Data Protection Report - Norton Rose Fulbright

On June 30, 2016, Google withdrew its appeal from the UK Supreme Court in the landmark case of Google v. Vidal-Hall after the parties reached a settlement. In the ruling on appeal, the Court of Appeal had ruled that damages for emotional distress, without any pecuniary loss, may be awarded under the Data Protection Act 1998 (the “Act”). With the appeal withdrawn, this ruling will remain valid. Therefore, companies that operate in the UK may wish to consider this ruling when conducting risk analyses and responding to litigation.

The Issues

In Vidal-Hall, the claimants alleged that Google obtained private information about internet usage through its use of cookies without individuals’ knowledge or consent. According to the plaintiffs, this information enabled Google to provide information to advertisers to help in targeting or tailored advertisements to internet users. The claimants did not allege any financial loss and brought a claim seeking damages solely for emotional distress. At first instance, the court ruled that the misuse of private information constitutes a tort under English law, thereby allowing the claimants to serve proceedings on Google out of the jurisdiction. Without this distinction, any individuals whose privacy rights had been breached by a company registered outside the UK would have been prevented from remedying their loss in the English courts. The court also held that damages for non-pecuniary loss could be recovered under the Act.

The Court of Appeal, the intermediary appellate court, affirmed the judgment that the misuse of private information is a tort under English law and that damages could be recovered for non-pecuniary loss even where no other type of loss was claimed. In its decision, the Court analysed the meaning of “damage” in section 13(2) of the Act, which is the implementation of the EU Data Protection Directive Article 23. Prior to Vidal-Hall, UK courts had found that “damage” under the Act required some form of pecuniary loss. However, referring to Article 23 of the Directive, the Court acknowledged that data subjects should be entitled to receive compensation from a data controller for unlawful actions and found that there was no distinction between pecuniary and non-pecuniary loss in these circumstances.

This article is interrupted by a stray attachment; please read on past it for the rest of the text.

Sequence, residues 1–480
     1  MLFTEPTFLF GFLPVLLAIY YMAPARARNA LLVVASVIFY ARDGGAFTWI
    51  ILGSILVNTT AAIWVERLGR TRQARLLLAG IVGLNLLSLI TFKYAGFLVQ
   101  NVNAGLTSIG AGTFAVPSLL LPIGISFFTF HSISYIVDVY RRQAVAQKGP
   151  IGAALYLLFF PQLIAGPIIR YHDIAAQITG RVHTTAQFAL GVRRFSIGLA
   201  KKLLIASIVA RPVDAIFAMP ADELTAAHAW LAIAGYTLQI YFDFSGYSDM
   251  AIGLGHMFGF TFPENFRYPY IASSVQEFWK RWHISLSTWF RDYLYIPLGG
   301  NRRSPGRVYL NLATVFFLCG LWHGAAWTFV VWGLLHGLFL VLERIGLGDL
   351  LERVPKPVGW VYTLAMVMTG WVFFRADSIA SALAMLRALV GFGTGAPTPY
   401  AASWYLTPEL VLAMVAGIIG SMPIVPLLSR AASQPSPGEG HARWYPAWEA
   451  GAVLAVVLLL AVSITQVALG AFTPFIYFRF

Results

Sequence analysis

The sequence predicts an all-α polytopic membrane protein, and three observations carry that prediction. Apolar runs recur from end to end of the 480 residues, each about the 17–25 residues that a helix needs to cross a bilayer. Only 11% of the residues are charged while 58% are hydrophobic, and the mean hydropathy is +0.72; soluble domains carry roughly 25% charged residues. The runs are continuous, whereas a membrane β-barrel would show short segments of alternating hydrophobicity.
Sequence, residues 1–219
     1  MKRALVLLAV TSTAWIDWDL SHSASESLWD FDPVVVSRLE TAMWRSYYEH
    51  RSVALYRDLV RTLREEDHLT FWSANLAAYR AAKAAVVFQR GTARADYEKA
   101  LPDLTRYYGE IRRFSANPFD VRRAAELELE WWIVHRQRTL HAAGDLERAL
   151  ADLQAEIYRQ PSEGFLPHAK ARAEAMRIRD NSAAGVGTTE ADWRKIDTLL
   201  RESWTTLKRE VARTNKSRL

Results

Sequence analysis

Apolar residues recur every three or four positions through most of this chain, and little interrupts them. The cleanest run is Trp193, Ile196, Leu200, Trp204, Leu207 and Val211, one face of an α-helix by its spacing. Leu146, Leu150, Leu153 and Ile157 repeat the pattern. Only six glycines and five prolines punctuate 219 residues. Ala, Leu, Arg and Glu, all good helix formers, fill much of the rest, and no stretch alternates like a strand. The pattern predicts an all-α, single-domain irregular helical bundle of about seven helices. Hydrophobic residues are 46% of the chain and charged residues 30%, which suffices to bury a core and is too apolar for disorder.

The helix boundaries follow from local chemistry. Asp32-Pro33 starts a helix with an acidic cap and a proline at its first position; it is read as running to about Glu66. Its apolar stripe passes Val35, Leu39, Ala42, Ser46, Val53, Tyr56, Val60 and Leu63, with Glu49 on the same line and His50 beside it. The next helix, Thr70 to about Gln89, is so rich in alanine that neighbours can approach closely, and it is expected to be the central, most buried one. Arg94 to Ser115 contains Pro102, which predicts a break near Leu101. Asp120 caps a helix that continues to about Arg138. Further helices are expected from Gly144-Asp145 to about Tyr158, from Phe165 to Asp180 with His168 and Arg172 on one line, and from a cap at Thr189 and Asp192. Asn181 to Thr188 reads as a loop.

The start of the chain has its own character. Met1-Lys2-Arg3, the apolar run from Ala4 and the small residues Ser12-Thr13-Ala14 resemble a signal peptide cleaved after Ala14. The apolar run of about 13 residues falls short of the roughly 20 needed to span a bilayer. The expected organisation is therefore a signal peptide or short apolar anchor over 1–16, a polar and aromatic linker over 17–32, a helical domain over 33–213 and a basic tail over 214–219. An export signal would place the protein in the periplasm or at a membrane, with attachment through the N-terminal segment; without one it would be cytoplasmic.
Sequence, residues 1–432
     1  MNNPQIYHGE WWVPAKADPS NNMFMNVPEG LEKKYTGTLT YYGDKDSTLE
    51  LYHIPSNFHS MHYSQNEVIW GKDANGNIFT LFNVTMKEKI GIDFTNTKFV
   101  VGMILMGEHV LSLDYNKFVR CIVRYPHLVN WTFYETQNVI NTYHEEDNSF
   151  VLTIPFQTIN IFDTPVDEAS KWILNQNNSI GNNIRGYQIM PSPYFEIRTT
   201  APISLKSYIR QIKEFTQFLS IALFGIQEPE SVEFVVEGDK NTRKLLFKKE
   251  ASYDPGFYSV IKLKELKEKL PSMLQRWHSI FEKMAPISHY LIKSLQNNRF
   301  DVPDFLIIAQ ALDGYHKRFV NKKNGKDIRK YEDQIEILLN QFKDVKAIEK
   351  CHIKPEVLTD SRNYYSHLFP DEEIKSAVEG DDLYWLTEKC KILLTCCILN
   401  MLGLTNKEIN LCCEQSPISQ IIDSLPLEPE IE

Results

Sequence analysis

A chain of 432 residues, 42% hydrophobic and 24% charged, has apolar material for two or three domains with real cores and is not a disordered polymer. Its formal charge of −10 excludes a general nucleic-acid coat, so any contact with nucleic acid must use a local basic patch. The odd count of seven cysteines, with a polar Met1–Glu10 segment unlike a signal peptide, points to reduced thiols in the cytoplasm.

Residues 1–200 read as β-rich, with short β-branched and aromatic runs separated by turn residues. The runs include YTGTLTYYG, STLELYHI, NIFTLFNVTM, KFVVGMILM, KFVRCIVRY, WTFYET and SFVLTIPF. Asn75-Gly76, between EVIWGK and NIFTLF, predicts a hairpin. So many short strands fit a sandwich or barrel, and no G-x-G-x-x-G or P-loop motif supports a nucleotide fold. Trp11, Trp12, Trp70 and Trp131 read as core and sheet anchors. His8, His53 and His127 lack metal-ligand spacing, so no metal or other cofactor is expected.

The Court recognised that it would be “strange” not to compensate individuals whose personal data had been compromised, particularly given that an invasion of privacy will rarely be accompanied by actual monetary loss. Following this reasoning, the Court of Appeal held section 13(2) of the Act inapplicable on the grounds that it was not compatible with EU privacy law.

In July 2015, Google was granted permission by the Supreme Court to appeal this issue, on the grounds of public interest. However, given that Google has now withdrawn its appeal, the Court of Appeal’s decision will be binding on subsequent cases in the UK. Consequently, claimants are no longer required to prove pecuniary loss as a pre-requisite to recovery in claims under the Act.

Our Take

Although Vidal-Hall has significantly widened the scope for claims of this nature, data controllers may find some comfort in the fact that compensation awards for emotional distress are typically low value and may not provide sufficient incentive to bring such a claim. Further, although the Court of Appeal’s ruling will no longer be challenged, the fact that the Supreme Court allowed an appeal indicates that this interpretation of the law may not be clear cut and leaves the door open for this issue to be tested in subsequent cases.

In the meantime, however, companies may wish to consider the risk of an increase in class action claims where the personal data of a whole class of individuals is alleged to have been breached. In those cases, compensation awards may reach much more significant sums and have an adverse effect on a defendant company. This risk may also impact insurers that provide data breach coverage.